Photo by anncapictures on Pixabay.

It seems so simple: look at the numbers, and it’ll be apparent what the story is and what steps you need to take. Case closed. Problem solved. All very logical. Your data analytics have done the trick!

Sometimes it works like that.

  • “My revenue is up 50% over last year, so I can definitely go ahead and hire that new employee.”
  • “Our last Google Ads campaign had a 75% conversion rate, so we’re going to continue using that marketing channel for the holiday season.”

But sometimes the story that our numbers are telling us is less optimistic, or less straightforward. We still need to communicate the story, though. In those cases, it helps to remember that we’re dealing with human beings, and that emotions play a huge role in something that seems as black and white as data.

Photo by anncapictures on Pixabay.

Thinking, Fast and Slow (2011)

I was reminded of this book a couple of weeks ago while teaching my “Data Analytics for Leaders” workshop. In it, economist Daniel Kahneman lays out his theory of how the human brain is wired and the impact of that wiring on how we as humans make decisions. Kahneman argues that we have two cognitive systems, a “fast” one and a “slow” one. The fast one is controlled by the amygdala, and its purpose is to protect us from threats. Speed is key in making decisions where an immediate threat is perceived. By contrast the “slow” system is more deliberative and rational. Since it’s not responding to an immediate threat, it can take the time to process and react.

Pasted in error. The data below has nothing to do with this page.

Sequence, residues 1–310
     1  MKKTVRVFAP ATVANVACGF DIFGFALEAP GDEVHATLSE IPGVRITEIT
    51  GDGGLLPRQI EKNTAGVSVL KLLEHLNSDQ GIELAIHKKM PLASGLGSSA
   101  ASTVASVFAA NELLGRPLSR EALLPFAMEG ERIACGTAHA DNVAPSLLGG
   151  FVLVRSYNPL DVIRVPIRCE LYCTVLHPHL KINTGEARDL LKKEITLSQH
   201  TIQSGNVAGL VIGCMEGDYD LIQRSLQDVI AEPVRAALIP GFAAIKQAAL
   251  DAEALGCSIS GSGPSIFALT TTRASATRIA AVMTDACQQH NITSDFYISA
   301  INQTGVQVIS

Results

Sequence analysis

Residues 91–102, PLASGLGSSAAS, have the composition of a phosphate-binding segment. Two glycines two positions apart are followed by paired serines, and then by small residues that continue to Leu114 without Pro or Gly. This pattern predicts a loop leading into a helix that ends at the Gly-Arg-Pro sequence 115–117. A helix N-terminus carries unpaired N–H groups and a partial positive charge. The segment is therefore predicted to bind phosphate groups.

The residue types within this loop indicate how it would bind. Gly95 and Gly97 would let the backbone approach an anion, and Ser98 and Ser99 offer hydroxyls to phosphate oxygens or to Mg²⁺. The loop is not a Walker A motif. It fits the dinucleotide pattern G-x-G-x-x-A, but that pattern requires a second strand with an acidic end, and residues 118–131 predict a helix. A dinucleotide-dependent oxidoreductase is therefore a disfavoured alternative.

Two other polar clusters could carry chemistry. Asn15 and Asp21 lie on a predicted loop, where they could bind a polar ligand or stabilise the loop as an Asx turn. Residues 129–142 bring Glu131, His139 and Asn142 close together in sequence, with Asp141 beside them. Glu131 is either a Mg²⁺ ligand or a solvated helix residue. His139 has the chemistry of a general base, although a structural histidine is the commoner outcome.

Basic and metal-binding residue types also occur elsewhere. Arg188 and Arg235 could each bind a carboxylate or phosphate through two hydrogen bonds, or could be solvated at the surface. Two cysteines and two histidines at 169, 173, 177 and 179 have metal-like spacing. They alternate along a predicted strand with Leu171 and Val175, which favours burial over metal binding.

Photo by Alexas_Fotos on Pixabay.

What Does This Have To Do With Data Analytics?

When we approach data, it can happen that our amygdala kicks into high gear because we perceive numbers as a threat. It could be that simply dealing with numbers is enough to trigger the feeling of fear. Or maybe the story that the numbers tell isn’t a positive one, and so our audience perceives it as a threat.

If this happens, we run the risk of having our audience shut down completely. They’ll go into defensive mode. They won’t be able to hear what we’re saying. And they won’t be able to process the information or hear the story that the data is telling. That can be dangerous.

How to Tell the Story So People Will Hear

How can you get around this? Plan ahead for that knee-jerk defensiveness, and try to short-circuit it. Engage your audience in your thinking about the numbers, and what story they’re telling. Ask questions like:

  • “Is there some background to these numbers that make a difference?”
  • “Can you help me think about what else might be happening here?”
  • “How about we work together on a plan to mitigate the impact of what the data is saying?”

Strategies like these disarm the amygdala, stave off that tripwire, and build a productive relationship with the person. Now you’re a team trying to solve a problem. And those numbers are no match for the two of you!

Connect With Me

If you find yourself with questions you’re not sure how to answer, or stories you’re not sure how to tell, I’d be happy to weigh in. You can sign up here for a free 30-minute consultation via Zoom. We can talk through your plot, go over your questions, and I can give you some ideas about questions you might not have thought of yet.

I look forward to connecting!

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